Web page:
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For Children with Special Needs, Last Two Weeks of Summer Require Planning and Structure

August 20th, 2012

By Marion M. Walsh, Esq.

The last two weeks of summer before school starts can be a challenging time for all parents, particularly for parents of children with disabilities. Although many families savor the last weeks of summer and enjoy relaxing time with their children, many parents do not have the resources to take vacation time or have work obligations.  Except in rare cases, school district extended year programs and most camps have ended.  It’s important to engage your child these last two weeks to ensure that he or she is ready for school,  does not regress and begins with a positive mind set.

Here are five tips for making the most of the last two weeks of summer:

1. Make sure your child has adequate supervision if you cannot be at home all day. New York State law sets no specific rule on when children may remain alone, and the decision to leave a child alone will be dependent on the child’s maturity level, the period of time left alone and the child’s needs.  The  United States Department of Health and Human Services has published a Fact Sheet with guidelines.  Safety comes first, so if you have any doubts about whether your child may remain alone, do not leave your child.   Whatever your child’s age, if he or she has a disability, planning some daily supervision for your child is essential, even for teenagers, who often need as much or more support than younger children.  Left without any supervision or structure, many will simply play computer or video games all day, which can lead to social isolation, impaired attention and other problems.  If you must work outside the home and cannot arrange child care, look for help from friends and family, such as grandparents or aunts or uncles.  Of course, some children with disabilities, should never be left along, no matter what their ages, including but not limited to: children with intellectual disabilities, children with depression, anxiety or emotional disabilities, or children with medical conditions that require monitoring.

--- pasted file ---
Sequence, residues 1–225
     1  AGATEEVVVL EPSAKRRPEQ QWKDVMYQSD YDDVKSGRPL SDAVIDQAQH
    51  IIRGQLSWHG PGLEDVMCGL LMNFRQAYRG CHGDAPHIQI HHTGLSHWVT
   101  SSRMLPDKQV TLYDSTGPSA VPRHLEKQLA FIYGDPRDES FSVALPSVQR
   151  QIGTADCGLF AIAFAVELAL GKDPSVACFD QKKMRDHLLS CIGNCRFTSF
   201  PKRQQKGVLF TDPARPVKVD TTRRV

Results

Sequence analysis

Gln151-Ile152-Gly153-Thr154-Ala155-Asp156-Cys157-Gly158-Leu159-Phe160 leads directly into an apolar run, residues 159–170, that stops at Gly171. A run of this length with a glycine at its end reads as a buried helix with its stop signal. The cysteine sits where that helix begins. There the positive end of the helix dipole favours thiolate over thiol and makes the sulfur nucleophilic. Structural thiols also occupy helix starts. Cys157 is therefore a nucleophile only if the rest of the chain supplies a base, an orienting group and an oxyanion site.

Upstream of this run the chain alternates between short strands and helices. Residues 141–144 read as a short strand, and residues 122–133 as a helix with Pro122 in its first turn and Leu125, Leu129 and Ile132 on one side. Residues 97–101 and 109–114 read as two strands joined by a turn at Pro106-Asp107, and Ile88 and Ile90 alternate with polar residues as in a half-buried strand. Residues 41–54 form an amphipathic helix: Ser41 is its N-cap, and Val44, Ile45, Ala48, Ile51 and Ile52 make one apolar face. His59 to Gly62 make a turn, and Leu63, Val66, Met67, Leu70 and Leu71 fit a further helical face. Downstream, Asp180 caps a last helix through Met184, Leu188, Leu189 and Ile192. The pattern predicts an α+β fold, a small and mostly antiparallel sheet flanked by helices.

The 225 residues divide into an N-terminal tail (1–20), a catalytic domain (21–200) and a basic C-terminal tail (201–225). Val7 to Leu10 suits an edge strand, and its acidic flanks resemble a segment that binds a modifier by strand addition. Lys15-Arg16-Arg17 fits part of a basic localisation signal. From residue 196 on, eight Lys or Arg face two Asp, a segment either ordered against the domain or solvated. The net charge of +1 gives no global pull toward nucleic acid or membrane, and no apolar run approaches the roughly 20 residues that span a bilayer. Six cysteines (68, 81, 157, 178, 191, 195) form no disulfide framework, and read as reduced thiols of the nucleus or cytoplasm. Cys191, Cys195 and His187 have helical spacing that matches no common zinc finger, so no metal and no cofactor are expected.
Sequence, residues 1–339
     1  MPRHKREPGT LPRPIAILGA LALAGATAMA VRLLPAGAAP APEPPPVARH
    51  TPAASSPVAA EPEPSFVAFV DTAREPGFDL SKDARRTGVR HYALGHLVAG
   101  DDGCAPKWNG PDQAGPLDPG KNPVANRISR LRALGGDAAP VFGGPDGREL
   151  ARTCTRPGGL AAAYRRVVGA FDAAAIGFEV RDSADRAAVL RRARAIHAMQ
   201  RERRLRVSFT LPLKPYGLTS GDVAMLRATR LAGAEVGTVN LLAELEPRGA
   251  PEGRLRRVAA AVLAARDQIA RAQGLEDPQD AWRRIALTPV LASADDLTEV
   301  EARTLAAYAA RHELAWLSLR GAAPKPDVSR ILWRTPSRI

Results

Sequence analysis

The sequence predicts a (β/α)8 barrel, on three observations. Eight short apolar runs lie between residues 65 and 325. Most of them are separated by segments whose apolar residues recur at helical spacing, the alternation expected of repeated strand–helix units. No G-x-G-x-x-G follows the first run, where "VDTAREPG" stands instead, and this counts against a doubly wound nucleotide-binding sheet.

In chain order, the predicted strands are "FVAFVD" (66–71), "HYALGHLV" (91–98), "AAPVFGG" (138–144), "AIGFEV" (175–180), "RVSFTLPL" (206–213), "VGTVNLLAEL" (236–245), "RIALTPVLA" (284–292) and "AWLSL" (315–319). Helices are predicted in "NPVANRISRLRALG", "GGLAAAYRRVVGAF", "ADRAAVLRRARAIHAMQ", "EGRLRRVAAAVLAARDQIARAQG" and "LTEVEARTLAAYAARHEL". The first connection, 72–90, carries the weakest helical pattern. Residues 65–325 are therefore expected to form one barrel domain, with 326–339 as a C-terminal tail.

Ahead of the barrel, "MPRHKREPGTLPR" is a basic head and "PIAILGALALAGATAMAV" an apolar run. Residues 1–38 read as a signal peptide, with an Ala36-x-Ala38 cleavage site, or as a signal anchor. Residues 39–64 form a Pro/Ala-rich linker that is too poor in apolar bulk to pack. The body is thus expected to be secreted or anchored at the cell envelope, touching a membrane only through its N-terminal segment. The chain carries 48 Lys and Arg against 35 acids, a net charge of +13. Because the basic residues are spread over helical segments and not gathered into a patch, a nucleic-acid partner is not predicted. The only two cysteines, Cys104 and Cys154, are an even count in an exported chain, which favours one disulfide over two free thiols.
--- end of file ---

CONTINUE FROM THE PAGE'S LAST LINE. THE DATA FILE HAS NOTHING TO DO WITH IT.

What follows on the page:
2. Plan some structure for your child. You’ll want to ensure that your child does not regress in the last two weeks of summer, whether socially, emotionally or academically. While this time is supposed to be relaxing, it should also contain enough structure to help retention of some skills. Make sure you read to your child, or if your child is an independent reader, monitor reading and schedule trips to the library or book store.   To help with social adjustment,  schedule playdates with classmates, if this has not occurred already.  Plan daily activities with your child.  If parents have the time, these last two weeks of summer can be a great time to plan visits to museums, plays or to enjoy outdoor activities.   Even though you may not be able to take a formal vacation, you can plan activities in the day or “mystery trips” if your child likes surprises. If you have to work outside during the day, plan activities for the evening, such as outdoor concerts or trips to the bookstore.

3. Engage your child in getting ready for school. Talk to your child about the upcoming school year in a positive way and discuss any changes that will occur this year.  If your child is newly classified or beginning a new program or school, be sure to take time to talk to him or her about it.  You can check with your school district on whether the program will be available for a visit.  Of course, it’s important to get all needed school supplies.  Bring your child along on the trip to allow him or her to make choices.

4. Review IEP or Section 504 Plan. Review your child’s IEP or Section 504 plan to make sure that it is appropriate and complete.   Pay close attention to your child’s placement, related services and accommodations, as well as his or her present levels of academic achievement, functional performance and learning characteristics.  The Individuals with Disabilities Education Improvement Act requires your school district to have your child’s IEP in place before the beginning of the school year, so if you have not received your child’s final IEP, email or write a letter to your school district.

5. Notify school district of any changes or new reports. Consider whether there are any changes in your child’s achievement or level of functioning–whether positive or negative– from over the summer and notify your school district. If you have received formal reports or evaluations from over the summer, whether from camp staff or from physicians, let your school district know and send them  the reports.

Most importantly, focus on the positives of beginning a new school year and enjoy some down time without becoming anxious or stressed. Your anxiety will impact your child, so, even if things are not perfect, relax and savor the last weeks of summer before school schedule takes over.

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